Low U.S. Registrations for Absentee Voting in Mexico

For the first time, Mexicans living in the United States and other countries will be able to vote in Mexico's presidential election next year. But with the deadline fast approaching, only a few Mexicans living abroad are actually signing up to vote.

Copyright © 2005 NPR. For personal, noncommercial use only. See Terms of Use. For other uses, prior permission required.

RENEE MONTAGNE, host:

For the first time, Mexicans living in the United States and other countries will be able to vote in Mexico's presidential election. They've been fighting for that right for more than a decade. Now with the deadline fast approaching for next year's election, only a few Mexicans living abroad are actually signing up to vote. NPR's Carrie Kahn reports.

(Soundbite of doorbell)

CARRIE KAHN reporting:

At Marcia's Hair Salon(ph) in the Pilsen neighborhood of Chicago, owner Marcia Soto(ph) squeezes in a civics lesson in between haircuts.

Ms. MARCIA SOTO (Marcia's Hair Salon): Do you know about the Mexican vote and the experience...

KAHN: But Soto says the response from here Mexican customers has been less than enthusiastic. At the door sits a stack of untouched Mexican voter registration forms.

Ms. SOTO: I have about a thousand.

KAHN: And how many have you given out?

Ms. SOTO: Three, just three. It's ridiculous.

KAHN: In all, Mexican officials say they've received only 4,000 registration forms from countrymen living abroad. That's dismal, considering there may be as many as four million Mexicans living in the US eligible to cast votes. But for many immigrants, like Sergio Navaret(ph), who's getting a quick buzz cut, Mexican politics is not a priority.

(Soundbite of electric clippers)

Mr. SERGIO NAVARET (Mexican Immigrant): I'm really--I don't get involved myself to know about what's going on out in Mexico. Living here and having a family here, you know, I'd rather vote here.

KAHN: Then there's Maria Theresa Dominguez(ph), another customer. She holds dual citizenship and is excited to be able to vote in Mexico.

Ms. MARIA THERESA DOMINGUEZ (Mexican Immigrant): And I think it's a huge thing for people here to be able to vote over there. So I think that if I can be involved in both political systems, that's something that I want to take advantage of.

KAHN: But critics say the registration process for immigrant voters is complicated and costly. In addition, registrants must possess an official Mexican voter ID card, something millions of Mexicans in the US don't have, and going home to get one is impossible for many who are here illegally.

Unidentified Man: (Spanish spoken)

KAHN: For those who can travel legally, bus caravans are being organized to take prospective voters to Mexico to get the ID card.

Unidentified Man: (Spanish spoken)

KAHN: On a recent Saturday afternoon in Los Angeles, 80 Mexicans boarded a bus to Tijuana. The caravan was organized and paid for by a group of immigrants from the central Mexican state of Zacatecas.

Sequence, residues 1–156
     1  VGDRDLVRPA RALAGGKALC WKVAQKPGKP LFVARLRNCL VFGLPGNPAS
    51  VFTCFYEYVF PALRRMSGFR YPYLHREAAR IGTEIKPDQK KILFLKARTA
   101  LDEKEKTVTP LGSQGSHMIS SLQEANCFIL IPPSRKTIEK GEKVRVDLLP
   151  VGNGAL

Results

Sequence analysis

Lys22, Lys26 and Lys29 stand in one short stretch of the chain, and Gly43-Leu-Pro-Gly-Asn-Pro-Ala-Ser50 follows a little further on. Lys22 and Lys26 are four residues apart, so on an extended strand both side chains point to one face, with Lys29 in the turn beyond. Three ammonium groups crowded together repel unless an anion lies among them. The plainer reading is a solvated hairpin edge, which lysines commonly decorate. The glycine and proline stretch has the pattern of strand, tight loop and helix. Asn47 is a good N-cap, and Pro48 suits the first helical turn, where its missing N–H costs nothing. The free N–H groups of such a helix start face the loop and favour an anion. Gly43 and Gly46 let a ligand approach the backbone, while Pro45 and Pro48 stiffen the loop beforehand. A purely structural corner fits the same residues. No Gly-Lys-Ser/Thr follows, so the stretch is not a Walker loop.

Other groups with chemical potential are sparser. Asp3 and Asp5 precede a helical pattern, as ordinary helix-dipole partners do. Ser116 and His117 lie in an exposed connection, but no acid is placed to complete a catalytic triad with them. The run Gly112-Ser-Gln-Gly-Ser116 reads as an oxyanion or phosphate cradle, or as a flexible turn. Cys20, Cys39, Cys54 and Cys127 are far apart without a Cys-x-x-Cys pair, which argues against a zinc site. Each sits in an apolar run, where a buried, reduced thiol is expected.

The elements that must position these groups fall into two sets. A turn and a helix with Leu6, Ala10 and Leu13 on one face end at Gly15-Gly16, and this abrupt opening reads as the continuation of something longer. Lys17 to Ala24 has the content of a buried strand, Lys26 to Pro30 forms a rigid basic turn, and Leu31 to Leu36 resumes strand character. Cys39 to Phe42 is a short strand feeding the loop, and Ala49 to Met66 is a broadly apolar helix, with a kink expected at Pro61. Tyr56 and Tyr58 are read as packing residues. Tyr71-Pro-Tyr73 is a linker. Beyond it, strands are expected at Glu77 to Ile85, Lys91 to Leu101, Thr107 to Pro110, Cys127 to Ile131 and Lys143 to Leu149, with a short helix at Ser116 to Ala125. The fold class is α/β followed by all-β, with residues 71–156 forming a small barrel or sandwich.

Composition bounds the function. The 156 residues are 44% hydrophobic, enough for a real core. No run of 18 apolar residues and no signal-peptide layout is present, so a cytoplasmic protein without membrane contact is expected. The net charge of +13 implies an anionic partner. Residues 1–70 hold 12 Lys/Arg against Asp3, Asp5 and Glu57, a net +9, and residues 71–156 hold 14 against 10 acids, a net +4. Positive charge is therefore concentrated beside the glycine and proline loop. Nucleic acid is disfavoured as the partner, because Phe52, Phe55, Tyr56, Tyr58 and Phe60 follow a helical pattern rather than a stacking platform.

(Soundbite of voices)

KAHN: Maria del Rosario Aguayo(ph) says she's proud to live in the US.

Ms. MARIA DEL ROSARIO AGUAYO (Mexican Immigrant): (Spanish spoken)

KAHN: But she says much of her family is still in Mexico, including her mother. That's why Aguayo wants a say in how Mexico will be run.

Election officials estimate that only 1 percent of all Mexicans in the US will actually turn out. That means each vote cast abroad will cost Mexico nearly $600, far more than the country has budgeted for domestic voting.

Mr. GASPAR RIVERA (Immigration Expert): Democracy is priceless, especially for a country such as Mexico.

KAHN: Gaspar Rivera, an immigration expert, says while turnout may be disappointing, immigrant groups have scored a victory just by being able to vote this time around.

Mr. RIVERA: I think that being the first time, people are, you know, trying to find out how to do it, but this is a first event.

KAHN: For now, Mexican immigrant groups in the US say they will push hard to maximize turnout right up to the January 15th deadline.

Carrie Kahn, NPR News, Los Angeles.

MONTAGNE: This is NPR News.

Copyright © 2005 NPR. All rights reserved. No quotes from the materials contained herein may be used in any media without attribution to NPR. This transcript is provided for personal, noncommercial use only, pursuant to our Terms of Use. Any other use requires NPR's prior permission. Visit our permissions page for further information.

NPR transcripts are created on a rush deadline by a contractor for NPR, and accuracy and availability may vary. This text may not be in its final form and may be updated or revised in the future. Please be aware that the authoritative record of NPR's programming is the audio.

Comments

 

Please keep your community civil. All comments must follow the NPR.org Community rules and terms of use, and will be moderated prior to posting. NPR reserves the right to use the comments we receive, in whole or in part, and to use the commenter's name and location, in any medium. See also the Terms of Use, Privacy Policy and Community FAQ.